My view to the northwest is of an unblemished snowfield. The snow is clean and bright, the sky a brilliant blue. The landscape is as untouched as the new year.. What will I do with 2010? How will I approach my landscape?
Recently a friend of mine said he was gearing himself up to buy a tiller for his tractor, usually used for work in the woods and plowing snow. His wife chimed in that he was tired of the rackety rack of his rototiller. I suggested he give up tilling altogether.
There was a momentary silence, but he allowed that this next door neighbors who had beautiful gardens just did a little hand digging.
I went on to talk about the ‘lasagna’ method I used to enlarge my vegetable garden. This did take work, but no tilling, to set up. I mowed the area as low as possible, then spread at least four inches of chicken manure and compost and watered it all. Ideally this layer could have been deeper. Next came sheets of cardboard, making sure that there were generous overlaps. I watered this as well.
The final layer was soil, not-very-wonderful-loam I had delivered. I planted pole beans, squash and tomatoes in this 10 by 10 foot extension and it produced abundantly. No tilling. And hardly any weeding. The squash vines went everywhere, covering the ground, forbidding the arrival of many weeds.
Growth was exuberant because the plant roots reached through the rotting wet cardboard and into the rich compost and soil. Worms also loved this cardboard covered environment, increasing in population, aerating the soil and enriching it further with their castings. So lush was the growth I could hardly move around in this section to harvest. I needed more space.
So this past spring I mowed down another section, I didn’t have much of my own compost but I did have a load of wonderful compost from Bear Path Farm. This time, I put down the little unfinished compost from my own pile, watered it, laid down cardboard, and topped it with Bear Path compost instead of soil. This 10 by 12 foot extension gave me a little more room so I could have more generous paths. The paths were created using cardboard and wood chips.
Now the mystery. I don’t know why this is. I had always heard that you could mulch with compost, but didn’t understand why compost on top of the soil deterred weeds, when beautiful compost in the soil grew such beautiful vegetables and flowers. I still don’t understand it, but I can attest to this truth.
I was enjoying my new paths, and nearly weed-free garden so much I spent the summer mowing, spreading a layer of chicken manure and unfinished compost, and laying down lots more cardboard topped with free woodchips, an unexpected benefit of last year’s historic ice storm. My plan is to plant a row of black raspberries and another squash patch in this section in the spring. All it will take is pushing aside some of the wood chips, spreading some compost and then planting. No tilling.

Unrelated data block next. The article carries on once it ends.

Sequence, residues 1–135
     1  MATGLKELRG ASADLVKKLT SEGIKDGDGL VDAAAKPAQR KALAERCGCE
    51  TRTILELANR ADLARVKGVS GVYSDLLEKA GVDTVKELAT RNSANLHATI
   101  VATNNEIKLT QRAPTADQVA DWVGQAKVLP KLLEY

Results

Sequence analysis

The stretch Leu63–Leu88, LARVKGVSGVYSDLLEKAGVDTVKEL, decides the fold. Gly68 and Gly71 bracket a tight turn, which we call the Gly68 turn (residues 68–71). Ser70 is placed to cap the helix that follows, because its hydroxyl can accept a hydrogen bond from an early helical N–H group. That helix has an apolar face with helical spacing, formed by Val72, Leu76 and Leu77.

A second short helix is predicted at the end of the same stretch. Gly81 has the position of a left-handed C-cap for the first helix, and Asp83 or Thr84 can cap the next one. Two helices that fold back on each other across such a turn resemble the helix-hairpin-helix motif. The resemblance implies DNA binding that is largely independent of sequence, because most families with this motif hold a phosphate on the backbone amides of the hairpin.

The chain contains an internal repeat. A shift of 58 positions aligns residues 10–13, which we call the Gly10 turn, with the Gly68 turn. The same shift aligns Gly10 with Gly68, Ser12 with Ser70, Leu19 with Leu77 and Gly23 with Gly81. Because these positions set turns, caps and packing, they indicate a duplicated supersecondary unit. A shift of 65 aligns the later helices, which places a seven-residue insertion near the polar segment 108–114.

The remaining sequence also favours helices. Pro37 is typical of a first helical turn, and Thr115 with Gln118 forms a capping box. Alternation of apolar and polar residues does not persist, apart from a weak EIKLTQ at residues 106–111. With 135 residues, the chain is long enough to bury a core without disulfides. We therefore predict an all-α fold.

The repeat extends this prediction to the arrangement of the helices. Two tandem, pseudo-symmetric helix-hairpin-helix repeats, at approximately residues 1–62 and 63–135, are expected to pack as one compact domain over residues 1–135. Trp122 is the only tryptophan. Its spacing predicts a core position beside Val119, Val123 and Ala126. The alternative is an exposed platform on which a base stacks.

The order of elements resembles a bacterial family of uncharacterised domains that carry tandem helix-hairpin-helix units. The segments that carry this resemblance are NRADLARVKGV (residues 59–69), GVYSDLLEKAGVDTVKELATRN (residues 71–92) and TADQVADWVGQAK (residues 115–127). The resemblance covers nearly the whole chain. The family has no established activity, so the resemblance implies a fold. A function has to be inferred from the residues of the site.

No till techniques, whether called lasagna gardening, sheet composting, or composting in place, have several benefits. When working with nature and natural processes erosion is prevented, moisture in the soil is conserved, and the soil is enriched. You will be constructing new rich soil every season, instead of disrupting the system.
To maintain this type of garden more compost needs to be added every year. Add another layer of newspapers or cardboard, water it, and add another thick layer of compost for planting.
You can see the need for compost never decreases. We can never have too much compost. Fortunately materials for compost are everywhere beginning in the kitchen with fruit and vegetable scraps, and moving out to newspapers, lawn clippings, autumn leaves, weeds, old garden vines and spent plants, as well as straw, and rotted hay. Those who are lucky may have access to animal manures. Never use pet manure!
Some worry that hay will introduce weed seeds. I saw that Daniel Botkin of Laughing Dog Farm in Gill had lots of hay bales in his productive market garden. He says he uses them to help create micro-climates, and when they are well and truly rotted and all the weed seeds have sprouted and died, he uses it as mulch and compost.
As my friend and I continued our conversation he asked if I was suggesting that he spend $100 on rotted hay instead of buying new equipment or repairing the rototiller. I replied that it was certainly an option. I do know that he has a big compost pile and chicken manure so he is already well set up.
I pointed out that he would be working with nature, saving energy (no fuel for engines) and possibly his own energy. At least over the long haul, and that’s the way to think – long term benefits for our own health and the health of our gardens, and hence the health of our planet.
I look at my snow covered fields and the new year before me. I think of the poet Marie Ponsot’s new book Easy and the poem, Simples. “what do I want/ well I want to/ get better.”
Happy New Year. Happy Gardening.
Between the Rows December 26, 2009